Fr. Bloomfield's Blog

I am a Roman Catholic Priest of the Archdiocese of Detroit, currently assigned to Divine Child Parish in Dearborn, Michigan. When I manage to keep the page updated, hopefully something interesting can be found here!

Wednesday, December 20, 2006

Faith Seeking Understanding for December 10, 2006

Drawing closer to the great Solemnity of Christmas, we have already arrived at the Second Sunday of Advent, with only two full weeks to prepare for the coming of Christ. The theology of Tertullian will continue to assist us in our preparations, while we continue to examine his orthodox writings. The ancient maxim, “Corruptio optimi pessima” or “The corruption of the best is the worst,” held true with Tertullian. His faithful writings provide a sure and true guide to theology, whereas his heretical writings only bewilder and surprise.

In his work The Prescription Against Heretics, Tertullian continues the important work of establishing the authentic rule of belief against those who taught contrary to the teachings of the Apostles, handed on through the authority of the Church. This rule of faith “prescribes the belief that there is one only God, and that He is none other than the Creator of the world, who produced all things out of nothing through His own Word…; that this Word is called His Son, and … at last brought down by the Spirit and Power of the Father into the Virgin Mary, was made flesh in her womb, and being born of her, went forth as Jesus Christ” (On Prescription Against Heretics, ch. 13).

The source, he says, for this rule of Faith is the teaching of the Apostles, who were directly sent by Jesus Christ. In turn, the Apostles bore witness to this Faith by their preaching and miraculous deeds, in order that the churches founded by them in every city would preserve this same Faith. “Indeed, it is on this account only,” Tertullian teaches, “that they will be able to deem themselves apostolic, as being the offspring of apostolic churches. … Therefore the churches, although they are so many and great, comprise but the one primitive church, (founded) by the apostles, from which they all (spring)” (ibid., ch. 20).

Furthermore, “it is in the same degree manifest that all doctrine which agrees with the apostolic churches – those molds and original sources of the faith must be reckoned for truth, as undoubtedly containing that which the churches received from the apostles, the apostles from Christ, Christ from God” (ibid., ch. 21).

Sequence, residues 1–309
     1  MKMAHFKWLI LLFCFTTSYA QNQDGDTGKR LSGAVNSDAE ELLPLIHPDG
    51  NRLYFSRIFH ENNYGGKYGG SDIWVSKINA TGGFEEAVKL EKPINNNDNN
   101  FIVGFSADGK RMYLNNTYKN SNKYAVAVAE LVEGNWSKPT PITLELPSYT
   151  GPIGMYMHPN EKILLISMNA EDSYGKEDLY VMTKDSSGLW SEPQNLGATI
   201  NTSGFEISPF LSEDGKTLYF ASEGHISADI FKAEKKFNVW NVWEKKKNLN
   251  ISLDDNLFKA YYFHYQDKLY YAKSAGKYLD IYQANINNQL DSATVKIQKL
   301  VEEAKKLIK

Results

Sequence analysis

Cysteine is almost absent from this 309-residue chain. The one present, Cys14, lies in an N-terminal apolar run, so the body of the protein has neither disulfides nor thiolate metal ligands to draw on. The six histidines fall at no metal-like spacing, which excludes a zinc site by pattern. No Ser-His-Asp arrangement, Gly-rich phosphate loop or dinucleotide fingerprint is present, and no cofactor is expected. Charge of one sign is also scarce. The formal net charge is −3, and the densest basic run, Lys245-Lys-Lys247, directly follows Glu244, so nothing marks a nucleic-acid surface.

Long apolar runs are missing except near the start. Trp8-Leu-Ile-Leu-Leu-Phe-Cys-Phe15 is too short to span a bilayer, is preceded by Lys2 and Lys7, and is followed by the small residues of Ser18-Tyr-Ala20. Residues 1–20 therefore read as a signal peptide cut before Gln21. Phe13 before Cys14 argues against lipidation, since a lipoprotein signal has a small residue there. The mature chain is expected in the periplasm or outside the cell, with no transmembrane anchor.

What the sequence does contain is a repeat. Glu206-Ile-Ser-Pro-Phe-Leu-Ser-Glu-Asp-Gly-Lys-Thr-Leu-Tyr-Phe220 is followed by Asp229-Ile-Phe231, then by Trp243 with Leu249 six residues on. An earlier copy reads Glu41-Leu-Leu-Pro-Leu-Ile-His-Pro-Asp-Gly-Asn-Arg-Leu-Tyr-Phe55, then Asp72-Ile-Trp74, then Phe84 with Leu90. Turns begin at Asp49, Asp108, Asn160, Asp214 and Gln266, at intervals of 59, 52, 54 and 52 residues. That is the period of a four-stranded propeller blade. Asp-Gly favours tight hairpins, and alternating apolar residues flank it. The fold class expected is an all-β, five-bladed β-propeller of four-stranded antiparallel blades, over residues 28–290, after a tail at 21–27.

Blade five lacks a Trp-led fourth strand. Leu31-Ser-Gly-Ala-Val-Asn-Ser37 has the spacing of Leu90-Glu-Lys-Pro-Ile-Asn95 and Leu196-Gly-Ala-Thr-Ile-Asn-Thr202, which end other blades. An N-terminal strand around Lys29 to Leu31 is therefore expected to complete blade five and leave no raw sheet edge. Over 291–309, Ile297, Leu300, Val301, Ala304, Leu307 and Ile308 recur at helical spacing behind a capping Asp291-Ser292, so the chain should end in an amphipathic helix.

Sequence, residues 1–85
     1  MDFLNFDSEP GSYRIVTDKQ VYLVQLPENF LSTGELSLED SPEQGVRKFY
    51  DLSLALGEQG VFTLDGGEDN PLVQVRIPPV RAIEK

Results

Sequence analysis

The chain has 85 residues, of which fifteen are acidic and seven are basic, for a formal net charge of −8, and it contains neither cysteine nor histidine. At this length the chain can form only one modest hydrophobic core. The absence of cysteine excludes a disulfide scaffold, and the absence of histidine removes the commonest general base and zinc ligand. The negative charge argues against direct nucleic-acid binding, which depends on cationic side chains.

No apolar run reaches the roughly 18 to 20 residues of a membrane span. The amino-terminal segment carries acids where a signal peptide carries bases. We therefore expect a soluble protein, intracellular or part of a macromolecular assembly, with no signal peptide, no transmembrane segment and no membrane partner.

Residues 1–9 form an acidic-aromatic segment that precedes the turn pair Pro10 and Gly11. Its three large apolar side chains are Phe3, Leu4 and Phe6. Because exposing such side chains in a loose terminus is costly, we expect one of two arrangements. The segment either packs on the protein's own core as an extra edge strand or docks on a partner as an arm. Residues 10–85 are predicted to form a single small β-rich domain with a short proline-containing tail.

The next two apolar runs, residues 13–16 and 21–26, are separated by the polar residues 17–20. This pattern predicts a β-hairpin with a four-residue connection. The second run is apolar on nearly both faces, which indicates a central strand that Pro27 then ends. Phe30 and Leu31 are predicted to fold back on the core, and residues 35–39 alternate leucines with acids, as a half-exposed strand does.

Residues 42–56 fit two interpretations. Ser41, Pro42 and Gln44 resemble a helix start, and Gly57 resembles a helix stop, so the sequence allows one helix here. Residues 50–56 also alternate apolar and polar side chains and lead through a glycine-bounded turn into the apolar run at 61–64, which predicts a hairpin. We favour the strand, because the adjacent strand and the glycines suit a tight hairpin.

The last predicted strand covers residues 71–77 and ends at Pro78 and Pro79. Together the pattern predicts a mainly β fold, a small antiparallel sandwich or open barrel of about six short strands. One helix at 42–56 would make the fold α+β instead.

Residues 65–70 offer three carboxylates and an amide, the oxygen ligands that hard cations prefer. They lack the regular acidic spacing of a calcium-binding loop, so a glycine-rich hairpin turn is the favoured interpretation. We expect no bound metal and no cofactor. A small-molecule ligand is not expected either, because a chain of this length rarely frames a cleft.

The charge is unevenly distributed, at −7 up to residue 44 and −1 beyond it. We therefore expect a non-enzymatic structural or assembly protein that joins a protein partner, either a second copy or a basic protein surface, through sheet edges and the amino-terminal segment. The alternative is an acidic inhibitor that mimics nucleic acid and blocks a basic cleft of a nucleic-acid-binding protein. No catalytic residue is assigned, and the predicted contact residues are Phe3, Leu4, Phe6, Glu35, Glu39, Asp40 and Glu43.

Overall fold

The simple historical truth of apostolic succession (a continuous connection to the apostles and the churches which the founded) is the most eloquent defense of the truth of the Catholic Faith.

More than defending the truth and historicity of the Church, however, Tertullian is also known for the development of Latin terminology and systematic theology to describe the Sacraments. On Baptism begins with beautiful words of hope and confidence: “Happy is our sacrament of water, in that, by washing away the sins of our early blindness, we are set free and admitted into eternal life!” (On Baptism, ch. 1).

In this treatise we discover a systematic explanation of the Sacrament of Baptism, beginning with its prefigurement in the Old Testament (the parting of the Red Sea, the water from the rock, the waters of the great flood), the correspondence of the exterior sign (washing with water) to the interior grace (cleansing of sin and recreation in the Holy Spirit), an answer to objections, and the effects of Baptism.

Examining his treatise On Prayer is a fitting way to conclude this week’s article, because Tertullian explores the Lord’s Prayer, which he says is an “epitome of the whole Gospel” (On Prayer, ch. 1). As proof, he summarizes: “The honor of God in the ‘Father;’ the testimony of faith in the ‘Name;’ the offering of obedience in the ‘Will;’ the commemoration of hope in the ‘Kingdom;’ the petition for life in the ‘Bread;’ the full acknowledgement of debts in the prayer for their ‘Forgiveness;’ the anxious dread of temptation in the request for ‘Protection.’ What wonder? God alone could teach how He wished Himself prayed to” (ibid., ch. 9).

What is the value of such properly Christian prayer? “It supplies the suffering, and the feeling, and the grieving, with endurance; it amplifies grace by virtue. … Prayer is the wall of faith: her defensive and offensive armor against the foe who keeps watch over us on all sides. And, so we never walk unarmed” (ibid., ch. 29).

May we persevere in prayer as we watch for the coming of Christ! Have a blessed week!